30 Healthy Resolutions That Aren’t About Weight Loss

Salad bowl

THIS YEAR, DON’T GO ON ANOTHER WEIGHT LOSS DIET – TRY ONE OF THESE RESOLUTIONS INSTEAD

Lots of people are making it their New Year’s resolution to become healthier in 2019. Which is totally awesome!

However, in the minds of many people, losing weight and becoming healthy is synonymous. I totally get that – it’s a very dominating discourse in society today.

But here’s the thing: Losing weight and getting healthier is not the same thing. Pursuing intentional weight loss is actually associated with long term weight gain and worse health outcomes. Yo-yo dieting, causing your weight to jump up and down over time is not good for your health.

There’s no shame in wanting to change your body – of course you do, living in a society that’s so fixated on bodies and thinness as the ultimate achievement. But thin = happy & healthy is an illusion. You don’t have to buy in to the illusion.

So this year, why not try something different?

Ditch the weight loss diet, and focus on doing something good for your health.

For inspiration, here are resolutions that don’t center around weight loss

  • Reconnect with a form of movement your enjoyed as a child
  • Learn new recipes and ways to add vegetables to your meals
  • Just because it’s a new year with lots of opportunities and hope, you don’t need to achieve all your goals immediately. Pace yourself.
  • Replace other drinks with water (at least sometimes)
  • Wear sunscreen every day (when relevant, depending on where you live)
  • Find 5 new people to follow on Instagram that makes you feel good about yourself (or unfollow 100% of those who don’t!)
  • If you use screens in the evening, install a program (lots of devices have a built-function with a timer now) that filters blue light emission. Exposure to blue light at night can suppress melatonin secretion and thereby mess with your sleep patterns. Melatonin is a hormone that helps your body regulate your circadian rhythm – basically feeling alert during the day and tired during the night.
  • Meditate regularly
  • Implement a sleep routine where you wake up and go to bed at roughly the same time every day (a good night’s sleep is very important for your overall health).
  • If you have uterus and haven’t been tested for HPV in while, book an appointment for a pap smear.
  • Get outside during daylight hours every day. For the same reason lots of light is bad at night time, it’s good at daytime = it makes you feel more alert.
  • Quit smoking (if you smoke, this is the #1 thing you can do to improve your health, without comparison)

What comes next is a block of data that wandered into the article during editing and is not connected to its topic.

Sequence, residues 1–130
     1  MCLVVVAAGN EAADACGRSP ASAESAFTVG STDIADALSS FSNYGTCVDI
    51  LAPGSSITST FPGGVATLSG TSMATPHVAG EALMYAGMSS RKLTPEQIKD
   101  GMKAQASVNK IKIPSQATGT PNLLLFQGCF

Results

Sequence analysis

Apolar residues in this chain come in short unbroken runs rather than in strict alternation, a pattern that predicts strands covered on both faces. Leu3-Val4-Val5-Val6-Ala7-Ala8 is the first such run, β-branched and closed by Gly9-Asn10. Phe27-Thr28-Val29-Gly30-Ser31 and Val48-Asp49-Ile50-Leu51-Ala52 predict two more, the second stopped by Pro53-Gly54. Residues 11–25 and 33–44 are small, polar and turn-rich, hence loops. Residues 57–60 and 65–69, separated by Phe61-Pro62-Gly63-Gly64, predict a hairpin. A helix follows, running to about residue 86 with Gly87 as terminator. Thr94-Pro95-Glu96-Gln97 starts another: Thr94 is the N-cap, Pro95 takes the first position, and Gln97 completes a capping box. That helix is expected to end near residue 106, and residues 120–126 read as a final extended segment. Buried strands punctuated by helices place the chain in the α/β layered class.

• Get a health check from your doctor.
  • Implement mindfulness in new areas of your life
  • Reconnect with old friends
  • Try a form of exercise that’s completely new to you
  • Floss (as my dentist kindly reminds me every single appointment)
  • Keep a gratitude journal
  • Take your meds/supplements as prescribed (if relevant)
  • Go for a walk every day. It doesn’t have to be long.
  • Be mindful of how much time your spend on social media. Social media can be a wonderful place (I can’t deny I spend a lot of time on there) – but mindlessly scrolling through everyone’s glossy feeds can easily catch you in a comparison trap and make you feel inadequate (it happens to me more often than I’d like to admit!)
  • Replace clothes in your wardrobe that doesn’t fit your right-now body (if you’re not ready to donate it, at least pack it away)
  • Delete a social media app from your phone
  • Stop separating foods into either good/clean/healthy or bad/unhealthy/fattening. This black-or-white thinking isn’t helpful (and inaccurate).
  • Take steps to take better care of your mental health (this can be so many things – you’ll be the best judge of what that means for you).
  • Or take up a new hobby/sport that involves socialising (social health is actually an important part of your health too!)
  • Work on your flexibility by stretching or doing yoga.
  • Cook and prepare your own lunch
  • Write an anti-to-do listwith all the things you’re saying no to (like all the things you say yes, but don’t actually want or makes you stretch yourself too thin).
  • Swap passive transportation modes with active ones – like taking the bike to work.

Not all of these are going to be possible or even relevant for you. I don’t know your life – that’s why there’s so many options (none of them weight loss resolutions). This way you can pick just 1 or 2 that you know will have a positive effect – instead of trying to do everything at once and get overwhelmed.

I’ll personally be focusing on number 25, 18, 13 and 3 as I feel those areas of my life could use the most love and care.

Some part of my brain is still telling me my New Year’s resolution should be to lose weight. But thanks to my logical brain and from experience, I know it’s diet culture trying to suck me into its lies – and all it does is make me feel bad about myself.

What will you focus on this year? Let me know in the comments!

Gif that says lots of love, Anne xx

Since you made it to the end, you may as well follow me on Instagram – but their algorithm is a bit of a mystery, so you can sign up to the newsletter to not miss out on the best posts! ✨

optimized pinterest image
optimized pinterest image
/

Leave a Reply

Your email address will not be published.

This site uses Akismet to reduce spam. Learn how your comment data is processed.

2 Comments

  • Love this list! I’m definitely going to focus on 9 and 20 this year–just because I have a busy schedule this semester doesn’t mean I don’t have to worry about getting enough sleep and movement (or maybe especially because of that…). Hope you have a fantastic year in 2019!

    • Thank you! Yeah, it’s so easy to put that on the backburner when you get busy, but it’s often the case that it actually helps you deal better with being busy.
      Hope you have a wonderful 2019 too 😊🎊